All My Sons


All My Sons theatre review (Eternity Playhouse, Sydney)

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Simon Stone should see Darlinghurst Theatre Company’s All My Sons. This production (kicking off the 2014 season prematurely at the brand spanking new Eternity Playhouse) of Arthur Miller’s highly awarded, post-war play, directed on Broadway by Elia Kazan, shows every sign of being a worthy rival to the original. Director Iain Sinclair has played it straight and true. I mention Stone because, while I’ve lauded much of his work, not least his radical Hamlet, his Cat on a Hot Tin Roof still sticks in my craw. For the sake of ‘branding’, for example, he dropped the deep southern accents so intrinsic to the setting of Tennessee William’s favourite play. While I’d be the first to concede there are many plays which can be transplanted to the here-and-now, this one is more difficult and the evidence is Stone didn’t take full account of the degree of difficulty. Dramatic change isn’t always the radical decision. Sometimes, it has a deeply conservative underpinning. A director may be afraid to take what he or she perceives as ‘same old, same old’ to an audience. Sometimes, it’s more ‘radical’, or at least more courageous, to do the very best you can with one of the very best plays in the contemporary canon. This is what Sinclair has done.
One of the other reasons I immediately thought of Stone is that, as in Cat on a Hot Tin Roof, Marshall Napier fronts in All My Sons, as the patriarch and here is supported by a very effective cast. But I’ll come to that. Production designer Luke Ede provides a homestead façade with a screen door only lit as required, so, much of the time, we have a creeping sense of a dark secret hidden deep inside. The fascia of the house is suggested by means of boards affixed randomly across the horizontal plane. There’s a pervasive sense of dilapidation. In front, tired garden furniture sits on a still-green lawn, perhaps the last vestige of family pride; a dignified face to show around the neighbourhood. Ede’s is a vital contribution, providing much more than a set and accoutrement: there are signs and shadows; hints and clues; narrative threads.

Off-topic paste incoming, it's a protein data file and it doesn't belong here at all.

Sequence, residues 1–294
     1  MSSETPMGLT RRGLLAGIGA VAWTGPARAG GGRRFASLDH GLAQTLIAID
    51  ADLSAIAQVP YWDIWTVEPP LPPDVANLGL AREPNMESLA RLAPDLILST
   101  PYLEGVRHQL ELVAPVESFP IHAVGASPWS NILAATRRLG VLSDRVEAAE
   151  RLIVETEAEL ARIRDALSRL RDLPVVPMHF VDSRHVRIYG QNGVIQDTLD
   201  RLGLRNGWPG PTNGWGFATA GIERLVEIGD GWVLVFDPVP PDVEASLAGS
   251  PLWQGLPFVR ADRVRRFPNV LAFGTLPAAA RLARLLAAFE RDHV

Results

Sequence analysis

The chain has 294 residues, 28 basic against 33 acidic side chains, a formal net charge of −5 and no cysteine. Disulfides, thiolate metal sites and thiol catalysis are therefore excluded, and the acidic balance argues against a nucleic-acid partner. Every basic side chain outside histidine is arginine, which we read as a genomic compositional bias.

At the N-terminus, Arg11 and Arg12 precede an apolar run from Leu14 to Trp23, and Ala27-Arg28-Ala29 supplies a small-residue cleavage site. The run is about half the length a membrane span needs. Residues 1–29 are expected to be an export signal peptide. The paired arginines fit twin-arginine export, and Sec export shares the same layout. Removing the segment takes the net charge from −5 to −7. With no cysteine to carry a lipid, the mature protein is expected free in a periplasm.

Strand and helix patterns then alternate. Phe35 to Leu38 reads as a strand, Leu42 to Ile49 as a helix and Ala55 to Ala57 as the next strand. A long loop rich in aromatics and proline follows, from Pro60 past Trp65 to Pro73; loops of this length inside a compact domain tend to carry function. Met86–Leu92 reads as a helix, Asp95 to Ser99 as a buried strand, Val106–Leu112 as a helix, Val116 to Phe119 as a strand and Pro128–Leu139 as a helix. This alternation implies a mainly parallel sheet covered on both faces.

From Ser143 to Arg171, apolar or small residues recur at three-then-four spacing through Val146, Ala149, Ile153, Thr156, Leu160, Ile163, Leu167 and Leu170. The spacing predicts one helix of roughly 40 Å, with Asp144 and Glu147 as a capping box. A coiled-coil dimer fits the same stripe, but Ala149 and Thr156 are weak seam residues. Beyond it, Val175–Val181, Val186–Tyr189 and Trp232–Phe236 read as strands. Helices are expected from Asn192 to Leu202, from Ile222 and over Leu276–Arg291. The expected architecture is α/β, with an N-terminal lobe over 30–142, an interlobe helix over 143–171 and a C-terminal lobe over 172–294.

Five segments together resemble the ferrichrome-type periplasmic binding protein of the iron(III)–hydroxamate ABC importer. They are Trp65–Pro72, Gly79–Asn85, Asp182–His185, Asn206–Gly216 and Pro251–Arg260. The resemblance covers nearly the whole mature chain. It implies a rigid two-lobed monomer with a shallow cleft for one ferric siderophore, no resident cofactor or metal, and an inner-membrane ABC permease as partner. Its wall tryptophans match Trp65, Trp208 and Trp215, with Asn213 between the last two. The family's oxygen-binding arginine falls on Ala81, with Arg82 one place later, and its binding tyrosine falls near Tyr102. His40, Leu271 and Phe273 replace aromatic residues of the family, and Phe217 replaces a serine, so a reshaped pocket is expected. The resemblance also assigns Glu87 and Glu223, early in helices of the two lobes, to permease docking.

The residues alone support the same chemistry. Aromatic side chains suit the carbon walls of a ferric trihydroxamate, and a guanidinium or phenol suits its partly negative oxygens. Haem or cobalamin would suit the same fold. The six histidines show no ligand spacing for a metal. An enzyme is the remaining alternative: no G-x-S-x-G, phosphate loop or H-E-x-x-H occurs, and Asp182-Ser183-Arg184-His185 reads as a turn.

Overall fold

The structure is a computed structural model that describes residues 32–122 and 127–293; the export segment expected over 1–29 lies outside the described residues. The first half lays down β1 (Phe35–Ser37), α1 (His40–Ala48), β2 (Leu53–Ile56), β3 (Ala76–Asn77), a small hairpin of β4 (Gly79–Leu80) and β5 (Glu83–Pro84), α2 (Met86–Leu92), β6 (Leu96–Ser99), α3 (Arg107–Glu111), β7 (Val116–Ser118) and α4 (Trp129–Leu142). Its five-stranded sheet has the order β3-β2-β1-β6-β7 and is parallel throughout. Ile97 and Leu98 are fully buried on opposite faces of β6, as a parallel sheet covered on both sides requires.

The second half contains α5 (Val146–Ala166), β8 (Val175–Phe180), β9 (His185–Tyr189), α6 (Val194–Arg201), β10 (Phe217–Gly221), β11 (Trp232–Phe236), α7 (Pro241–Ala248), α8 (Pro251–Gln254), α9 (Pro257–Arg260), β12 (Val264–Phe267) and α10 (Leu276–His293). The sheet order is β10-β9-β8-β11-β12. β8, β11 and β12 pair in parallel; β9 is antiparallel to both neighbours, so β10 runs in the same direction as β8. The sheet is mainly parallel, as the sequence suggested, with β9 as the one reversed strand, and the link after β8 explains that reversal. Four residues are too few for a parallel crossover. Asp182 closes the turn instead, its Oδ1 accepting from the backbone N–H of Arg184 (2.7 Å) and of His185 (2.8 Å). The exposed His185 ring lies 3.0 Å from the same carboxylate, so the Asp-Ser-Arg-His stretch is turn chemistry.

Sinclair’s surefooted direction (and one presumes dramaturge Dan Graham’s input) creates a cohesive production. Nate Edmondson’s composition and sound design is minimal (less is more) and disciplined, while Nicholas Rayment’s lighting strikes the right balance between sunshine and gloom. Gabrielle Rogers has helped the actors soundly nail the accents.
Even the smaller parts are filled well. Mary Rachel Brown makes Sue Bayliss, ex-nurse, successful doctor’s wife and next door neighbour to the Kellers, bitter-and-twisted, but compassion leaks out the sides. As with all Miller’s roles, it’s complex and difficult to pull off, but Brown rocks. Briallen Clarke’s Lydia Lubey (the pretty girl who “laughs too much”, has never moved away and has settled into the role of wife and mother) beams and bubbles, but always with a pervasive sense of regret beneath her broad, irresistible smile. Robin Goldsworthy ably plays her husband, Frank, a steadfast man who buries himself in astrology, presumably because he can’t bear accepting the arrangement of the stars as they are: he’s desperate for something to shift.
Anthony Gooley’s George Deever had all the bona fide sweaty, shaking disposition of a man about to confront a wall of opposition. Every fibre of his being seems to twitch with foreboding: the certain, visceral knowledge of a truth too painful to bear. Meredith Penman is Annie, a young woman set to marry the brother of her MIA boyfriend, her struggle with disapproval versus self-determination worn on her almost constantly furrowed brow. Toni Scanlan is Kate Keller, the mother of Larry. Somewhere, deep down, she knows her son is never coming back, but she’s buried herself under a doona of denial and can’t bear to come out from under it. Marshall Napier is the resilient Joe Keller, a pillar of the community, who’s covered up his culpability in the deaths of 21 young conscripts. On his behalf, his junior partner has languished in gaol, but still he has persisted with an awful charade.
All of these actors give robust performances but it’s arguably Andrew Henry’s repressed Chris Keller, the brother left behind, a man with promise, position and a substantial inheritance of blood money, who steals most of the attention. His intensity and containment exude a terrible energy that hovers and circles and finally explodes.
Sinclair, his cast and creatives ensure the hero of this production is Miller’s underexposed play, in whose characters we’re sure to find pieces of ourselves and those we love, try to, or must love, by dint of family ties. There isn’t a single squandered line of dialogue. No stone (pardon the pun) is unturned. No subtlety or opportunity to explicate plot or people missed. I’d like to say there’s little to fault in Sinclair’s production. But that’s not quite true. There’s really nothing to fault. It’s a rock solid production of a play that makes you shake your head in wonderment: can anyone writing plays today right as well, tautly, movingly or authentically?
It seems Darlinghurst Theatre Company has opened Eternity Playhouse with the blessing of Arthur Stace, the Eternity Man, who scrawled the word in beautiful, chalked copperplate script on the footpaths of Sydney for 35 years and who used to worship at the former Baptist Tabernacle, a hallowed hall given a new lease of life. God may’ve left the building, but there’s a new spirit here.
That’s what we thought. Read what the other critics say.
[box] All My Sons plays Eternity Playhouse until December 1. Tickets are available via Darlinghurst Theatre Company.[/box]

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